Pubdate: Wed, 12 Feb 2003
Source: Tribune Review (Pittsburgh, PA)
Copyright: 2003 Tribune-Review Publishing Co.
Author: Associated Press


PHILADELPHIA (AP) -- A jury has sided with two narcotics agents who claimed 
their boss -- the Pennsylvania attorney general -- retaliated against them 
because they uncovered a drug-trafficking ring that diverted profits to a 
CIA-backed Dominican presidential candidate.

Agents John McLaughlin and Charles Micewski filed a lawsuit claiming their 
forcible transfer from the Philadelphia office of the state Bureau of 
Narcotics Investigation violated their civil rights.

A federal jury in northeastern Pennsylvania agreed, awarding $1.5 million 
to McLaughlin and Micewski on Friday after a one-week trial. The verdict 
capped more than five years of litigation.

"They won their lives and their reputations back," Don Bailey, attorney for 
the plaintiffs, said Tuesday. "These people were just destroyed, devastated."

Through a spokesman, state Attorney General Mike Fisher said he will 
appeal. The agents' allegations involved leftist politician Jose Francisco 
Pena Gomez, the longtime leader of the Dominican Revolutionary Party and a 
three-time presidential hopeful. Gomez died in 1998.

McLaughlin and Micewski said they had uncovered a Dominican 
drug-trafficking ring operating in Philadelphia, New York and other Eastern 
cities that funneled drug profits to the Dominican Revolutionary Party, 
which they claimed was supported by the Central Intelligence Agency and 
State Department. The agents said the federal government had allowed Gomez 
to return to the Dominican Republic after a 1995 fund-raising swing through 
New York with $500,000 in alleged drug profits.

Shortly after their allegations surfaced, the Philadelphia district 
attorney and U.S. Attorney's office began questioning the agents' 
credibility and stopped prosecuting their drug cases. More than 125 drug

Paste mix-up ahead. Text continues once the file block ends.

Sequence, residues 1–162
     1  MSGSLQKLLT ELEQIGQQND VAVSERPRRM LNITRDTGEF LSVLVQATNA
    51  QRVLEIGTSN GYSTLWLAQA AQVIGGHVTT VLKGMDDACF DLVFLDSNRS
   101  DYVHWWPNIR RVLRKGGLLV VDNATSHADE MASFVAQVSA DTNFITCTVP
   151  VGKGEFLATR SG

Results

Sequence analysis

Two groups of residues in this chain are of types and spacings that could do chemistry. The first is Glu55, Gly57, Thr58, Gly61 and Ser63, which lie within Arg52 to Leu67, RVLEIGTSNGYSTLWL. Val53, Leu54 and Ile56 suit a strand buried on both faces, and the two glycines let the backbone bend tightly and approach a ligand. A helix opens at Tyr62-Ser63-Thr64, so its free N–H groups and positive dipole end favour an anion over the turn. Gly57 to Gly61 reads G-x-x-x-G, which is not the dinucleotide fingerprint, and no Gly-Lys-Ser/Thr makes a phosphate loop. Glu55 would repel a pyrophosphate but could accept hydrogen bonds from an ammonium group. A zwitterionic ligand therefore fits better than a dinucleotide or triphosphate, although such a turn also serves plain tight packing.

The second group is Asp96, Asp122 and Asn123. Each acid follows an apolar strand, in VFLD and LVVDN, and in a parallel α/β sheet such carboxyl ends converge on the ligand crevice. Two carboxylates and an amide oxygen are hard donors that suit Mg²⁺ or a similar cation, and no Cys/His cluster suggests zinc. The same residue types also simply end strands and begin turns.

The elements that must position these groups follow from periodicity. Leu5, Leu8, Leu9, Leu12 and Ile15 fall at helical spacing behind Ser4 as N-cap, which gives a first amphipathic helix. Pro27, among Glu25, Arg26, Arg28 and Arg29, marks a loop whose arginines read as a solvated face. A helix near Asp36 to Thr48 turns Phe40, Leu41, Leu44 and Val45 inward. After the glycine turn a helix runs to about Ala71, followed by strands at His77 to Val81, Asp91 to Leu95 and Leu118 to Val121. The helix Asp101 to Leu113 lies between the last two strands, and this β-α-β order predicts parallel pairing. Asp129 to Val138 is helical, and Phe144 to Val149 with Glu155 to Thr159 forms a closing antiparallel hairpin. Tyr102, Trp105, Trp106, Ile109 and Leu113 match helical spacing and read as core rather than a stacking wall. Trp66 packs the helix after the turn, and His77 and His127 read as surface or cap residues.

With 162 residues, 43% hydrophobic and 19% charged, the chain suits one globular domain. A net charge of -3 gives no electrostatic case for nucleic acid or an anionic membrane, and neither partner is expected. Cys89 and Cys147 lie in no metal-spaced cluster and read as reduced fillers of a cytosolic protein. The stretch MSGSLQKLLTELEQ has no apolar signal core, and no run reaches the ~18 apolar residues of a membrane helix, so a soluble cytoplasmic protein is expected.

cases ultimately were dismissed or dropped after prosecutors accused agents 
of fabricating evidence and lying on the witness stand.

McLaughlin, Micewski and other agents from the drug agency's Philadelphia 
office were subsequently transferred to other bureaus -- and removed from 
street duty -- by then-state Attorney General Tom Corbett.

The agents filed a civil rights lawsuit in 1997, saying they had "become 
the targets of vicious unfounded attacks on their credibility and careers 
by the federal government," with the "marionetted support" of the 
Philadelphia DA's office and Corbett.

The lawsuit also claimed that Gomez's Dominican Revolutionary Party "was, 
and is, protected and sanctioned, unlawfully, by agencies of the United 
States government, to include the CIA and the State Department, enabling 
the Dominicans to distribute illegal drugs at will to the black and 
Hispanic populations of the Eastern Seaboard."

That lawsuit ultimately was dismissed. Undeterred, the agents filed a 
second lawsuit -- the subject of last week's federal trial in Wilkes-Barre 
- -- claiming the state attorney general and his deputies had retaliated 
against them for the first lawsuit.

The jury awarded $1 million in punitive damages and $500,000 in actual damages.

"We were certainly surprised by the jury's verdict and we respectfully 
disagree with it. We intend to pursue all our post-trial and appellate 
remedies," said Fisher's spokesman, Sean Connolly.

Though it's been several years since McLaughlin and Micewski worked 
Philadelphia streets, Philadelphia District Attorney Lynne Abraham said her 
policy of refusing their cases remains in effect.

"We are very disappointed," said Cathie Abookire, Abraham's spokeswoman. 
"The verdict will not in any way cause us to change our policy in declining 
cases in which these officers have participated."
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